To look at Jesus is, in a way, to look at his Mother. Didn’t she give him his human face at the same time that he fashioned her in the image of God? In this admirable exchange, the resemblance of these two beings was consummated.

 

Raphael, 1483-1520; The Virgin and Child
The Virgin and Child
Raphael (1483–1520) (after)
Oil on canvas
Royal Cornwall Museum

 

Transformed in her Son, Mary has nothing of her own beyond this transparency, this limpidity that permits the soul of Jesus to be reflected in her with all his perfections, to imprint himself on her in a lively manner. To look at Christ living and praying, we learn to know his Mother better.

Father François de Sainte-Marie, O.C.D.
Visage de la Vierge (Face of the Virgin)

 


Father François de Sainte-Marie was a prolific French Discalced Carmelite author and editor of the mid-20th century. He is best known for his tireless efforts to publish the critical edition of the autobiographical manuscripts of Saint Thérèse of Lisieux in 1957, which we commonly refer to as Story of a Soul.

A review of Father François’ publications in the library of the Teresianum in Rome is impressive, to say the least. Translations from the Latin, original works in French, German, and English all testify to the creative genius of this friar.

The blogger will contribute to the translation of his meditations for the annual Advent online retreat sponsored by the Discalced Carmelite friars of the Paris province.

Father François de Sainte-Marie’s fruitful ministry was tragically cut short by accidental death when he drowned in the Loire river 30 August 1961.

 

de Sainte-Marie, F 1948, Visage de la Vierge, translated from the French by Carmelite Quotes, Librairie du Carmel, Paris.

 

This English translation is the blogger’s own work product and may not be reproduced without permission.

 

Better and more than anyone else, we who are doubly the children of Mary should imitate her, to be enriched as faithful children with the fruits of her maternity; seeking the unum necessarium, the one thing necessary for salvation.

Saint Raphael Kalinowski
Mother of God, Hope of the World

 

Annunciation_CARRACCI Agostino_Louvre
The Annunciation
Agostino Carracci (Italian, 1557-1602)
Oil on canvas, late 16th c.
Louvre Museum

 

Praskiewicz OCD, S 1998, Saint Raphael Kalinowski: An Introduction to his Life and Spirituality, ICS Publications, Washington DC.

Quote of the day: 30 June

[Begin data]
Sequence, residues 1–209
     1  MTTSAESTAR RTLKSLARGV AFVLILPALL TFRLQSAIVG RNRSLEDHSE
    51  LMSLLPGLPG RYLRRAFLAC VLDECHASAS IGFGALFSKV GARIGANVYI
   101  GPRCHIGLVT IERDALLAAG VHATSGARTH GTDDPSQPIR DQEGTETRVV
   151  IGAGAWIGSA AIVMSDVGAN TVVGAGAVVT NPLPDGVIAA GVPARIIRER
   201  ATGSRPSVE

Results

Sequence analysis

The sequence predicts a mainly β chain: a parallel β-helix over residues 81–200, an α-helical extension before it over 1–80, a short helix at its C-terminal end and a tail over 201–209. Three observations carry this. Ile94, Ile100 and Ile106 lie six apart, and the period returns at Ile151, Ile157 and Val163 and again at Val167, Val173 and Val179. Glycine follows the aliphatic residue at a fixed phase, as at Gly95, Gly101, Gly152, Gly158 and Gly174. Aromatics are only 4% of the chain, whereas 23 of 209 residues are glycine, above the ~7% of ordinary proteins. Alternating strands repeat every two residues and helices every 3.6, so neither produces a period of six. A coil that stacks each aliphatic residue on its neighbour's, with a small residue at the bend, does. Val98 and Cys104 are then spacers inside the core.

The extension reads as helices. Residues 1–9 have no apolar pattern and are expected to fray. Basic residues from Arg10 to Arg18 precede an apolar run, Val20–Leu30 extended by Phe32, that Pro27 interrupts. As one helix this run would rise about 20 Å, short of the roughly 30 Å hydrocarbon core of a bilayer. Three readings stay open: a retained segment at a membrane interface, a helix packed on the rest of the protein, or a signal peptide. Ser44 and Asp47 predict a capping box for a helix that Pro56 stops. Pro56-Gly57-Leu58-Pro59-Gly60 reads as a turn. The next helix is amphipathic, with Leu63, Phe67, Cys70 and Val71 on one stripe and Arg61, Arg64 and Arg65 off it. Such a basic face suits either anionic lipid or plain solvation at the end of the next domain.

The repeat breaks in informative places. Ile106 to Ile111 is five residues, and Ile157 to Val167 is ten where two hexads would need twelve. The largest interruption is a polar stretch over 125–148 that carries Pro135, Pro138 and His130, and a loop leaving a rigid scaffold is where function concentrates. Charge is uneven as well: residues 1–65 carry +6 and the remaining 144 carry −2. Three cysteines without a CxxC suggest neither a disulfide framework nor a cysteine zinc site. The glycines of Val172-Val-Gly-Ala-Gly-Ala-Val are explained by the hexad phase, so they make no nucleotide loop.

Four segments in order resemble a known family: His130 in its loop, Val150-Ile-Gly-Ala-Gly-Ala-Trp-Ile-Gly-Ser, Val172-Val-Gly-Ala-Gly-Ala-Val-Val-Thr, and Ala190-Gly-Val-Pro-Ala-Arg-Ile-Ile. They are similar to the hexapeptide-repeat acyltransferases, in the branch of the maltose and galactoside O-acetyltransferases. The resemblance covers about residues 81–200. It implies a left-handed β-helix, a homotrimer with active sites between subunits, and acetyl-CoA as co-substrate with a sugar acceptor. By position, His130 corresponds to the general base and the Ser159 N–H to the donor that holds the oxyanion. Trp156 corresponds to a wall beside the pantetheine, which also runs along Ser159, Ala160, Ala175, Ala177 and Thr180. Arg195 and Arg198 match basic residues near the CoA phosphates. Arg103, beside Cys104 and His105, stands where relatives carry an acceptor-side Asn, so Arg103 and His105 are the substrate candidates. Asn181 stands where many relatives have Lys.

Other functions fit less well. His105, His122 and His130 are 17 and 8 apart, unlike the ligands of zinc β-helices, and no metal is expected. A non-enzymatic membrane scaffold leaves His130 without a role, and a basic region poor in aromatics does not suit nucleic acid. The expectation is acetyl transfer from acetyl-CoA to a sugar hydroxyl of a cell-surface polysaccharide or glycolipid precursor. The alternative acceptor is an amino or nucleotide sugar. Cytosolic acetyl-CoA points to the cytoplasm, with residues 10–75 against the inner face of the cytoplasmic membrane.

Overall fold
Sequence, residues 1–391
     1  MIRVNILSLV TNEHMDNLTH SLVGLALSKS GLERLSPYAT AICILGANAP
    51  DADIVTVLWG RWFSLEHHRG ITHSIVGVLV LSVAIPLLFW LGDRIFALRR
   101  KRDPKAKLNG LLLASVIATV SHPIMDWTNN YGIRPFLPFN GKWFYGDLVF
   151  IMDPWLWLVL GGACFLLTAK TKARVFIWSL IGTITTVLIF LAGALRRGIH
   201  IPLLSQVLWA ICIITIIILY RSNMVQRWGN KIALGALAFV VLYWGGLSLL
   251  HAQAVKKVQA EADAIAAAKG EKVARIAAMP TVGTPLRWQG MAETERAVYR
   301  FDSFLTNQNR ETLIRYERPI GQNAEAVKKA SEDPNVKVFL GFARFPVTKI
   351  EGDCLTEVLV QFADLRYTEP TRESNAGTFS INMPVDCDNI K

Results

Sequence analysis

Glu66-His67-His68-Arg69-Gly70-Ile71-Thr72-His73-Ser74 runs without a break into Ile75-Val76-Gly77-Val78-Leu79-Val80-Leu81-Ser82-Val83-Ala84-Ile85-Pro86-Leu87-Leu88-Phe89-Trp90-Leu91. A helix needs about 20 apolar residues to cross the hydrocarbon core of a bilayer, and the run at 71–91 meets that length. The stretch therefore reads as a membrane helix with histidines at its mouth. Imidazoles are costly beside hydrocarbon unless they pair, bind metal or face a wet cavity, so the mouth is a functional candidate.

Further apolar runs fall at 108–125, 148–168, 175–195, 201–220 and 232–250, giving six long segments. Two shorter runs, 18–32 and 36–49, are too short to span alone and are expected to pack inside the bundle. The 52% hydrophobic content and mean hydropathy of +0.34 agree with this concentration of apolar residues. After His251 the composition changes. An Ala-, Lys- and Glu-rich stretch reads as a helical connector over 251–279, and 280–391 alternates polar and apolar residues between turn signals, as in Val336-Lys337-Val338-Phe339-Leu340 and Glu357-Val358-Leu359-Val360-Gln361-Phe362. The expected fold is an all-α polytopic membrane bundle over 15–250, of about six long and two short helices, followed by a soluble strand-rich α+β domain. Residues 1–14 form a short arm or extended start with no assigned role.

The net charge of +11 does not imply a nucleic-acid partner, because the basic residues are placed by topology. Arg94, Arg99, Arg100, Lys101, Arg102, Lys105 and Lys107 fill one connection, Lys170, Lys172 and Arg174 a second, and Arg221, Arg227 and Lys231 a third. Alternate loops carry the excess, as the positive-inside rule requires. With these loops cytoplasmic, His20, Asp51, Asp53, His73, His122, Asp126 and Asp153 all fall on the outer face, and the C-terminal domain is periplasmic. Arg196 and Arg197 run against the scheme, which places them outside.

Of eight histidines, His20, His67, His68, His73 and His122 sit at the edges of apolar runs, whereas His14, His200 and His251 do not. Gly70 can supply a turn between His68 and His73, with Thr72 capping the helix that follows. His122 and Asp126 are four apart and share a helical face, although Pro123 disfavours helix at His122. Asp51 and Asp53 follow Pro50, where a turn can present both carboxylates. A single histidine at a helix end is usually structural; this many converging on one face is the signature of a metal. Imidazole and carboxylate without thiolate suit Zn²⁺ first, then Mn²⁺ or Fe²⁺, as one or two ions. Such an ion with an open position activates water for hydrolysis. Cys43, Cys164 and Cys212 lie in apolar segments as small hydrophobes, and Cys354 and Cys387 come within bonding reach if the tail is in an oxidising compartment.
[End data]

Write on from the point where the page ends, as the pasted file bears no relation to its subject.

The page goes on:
Carmelites have chosen Mary as their Patroness and spiritual Mother and always keep before the eyes of their heart the Most Pure Virgin who guides everyone to the perfect knowledge and imitation of Christ.

Saint John Paul II
25 March 2001

 

Stella Maris procession Easter 2019
Statue of Our Lady of Mount Carmel as seen in the annual procession from the Discalced Carmelite parish of St. Joseph in the city of Haifa to Stella Maris Church and Monastery on Mount Carmel, 5 May 2019. Learn more about the procession here. | Photo credit: Discalced Carmelite General Curia

Quote of the day: 19 June

Totus Tuus

These words in Latin, continually prayed and recopied by John Paul II at the top of the first four pages of his manuscripts, are found at the end of the Treatise on True Devotion to the Blessed Virgin by Louis-Marie Grignion de Montfort, when the Saint invites the faithful to live the Eucharistic communion with Mary and in Mary (Treatise, no. 266)…

We should underline that this Totus Tuus becomes, from 1940 to 2005, the enduring guideline for the entire life of  Karol Wojtyła, as a seminarian and priest, and then as a bishop and pope.

When he was nominated as Auxiliary Bishop of Krakow in 1958 by Pius XII, it was then that he chose Totus Tuus as his episcopal motto, together with the emblem that symbolizes Christ the Redeemer and Mary close to him, the same coat of arms that he will maintain as pope.

TotusTuus Autograph
Totus Tuus: the guideline of the life of John Paul II | Screenshot of the gift to Camerino, 3 March 1991 

And especially, he will live this right up to the end, in the great suffering of the final months. After the tracheostomy, when he will no longer be able to speak, one last time he will write the words, Totus Tuus.

Further, I can add my own personal testimony, having been invited to lunch with John Paul II along with Cardinal Ratzinger and a small group of theologians, in 1987. We had spoken about the Treatise of Louis-Marie with the Holy Father. I was seated at the table next to Bishop Stanisław Dziwisz, who told me: “The Holy Father opens this book every day!”

François-Marie Léthel, O.C.D.
La Lumière du Christ dans le Coeur de l’Église
Meditation 3

2011 Benedict XVI Léthel Vatican Retreat
Pope Benedict XVI and François-Marie Léthel, O.C.D. (2011) | Photo source: Discalced Carmelites

 

Lethel, François-Marie. (2011) La Lumière du Christ dans le Coeur de l'Église: Jean-Paul II et la théologie des saints. 
© 2011, Librairie Éditrice Vaticane. Pour la langue française: © Éditions Parole et Silence, 2011.
Translation from the French is the blogger’s own work product and may not be reproduced without permission.

 

Quote of the day: 17 June

ADDRESS OF JOHN PAUL II
TO THE BISHOPS OF VIETNAM
ON THEIR “AD LIMINA” VISIT

Tuesday, 17 June 1980


Last year in taking possession of his titular church, your dear Cardinal said that the Church in Vietnam has always found “a mother’s powerful hand” in Mary. I entrust to her protection your ecclesial mission and that of all the Christians in your country.

Just returning from my pilgrimage to Lisieux, permit me also to invoke the little Carmelite, St. Thérèse of the Child Jesus, who is linked to Vietnam in many ways. Her Carmel is at the origins of Carmelite life in your homeland and, if her health had permitted it, she would have gladly gone to your country.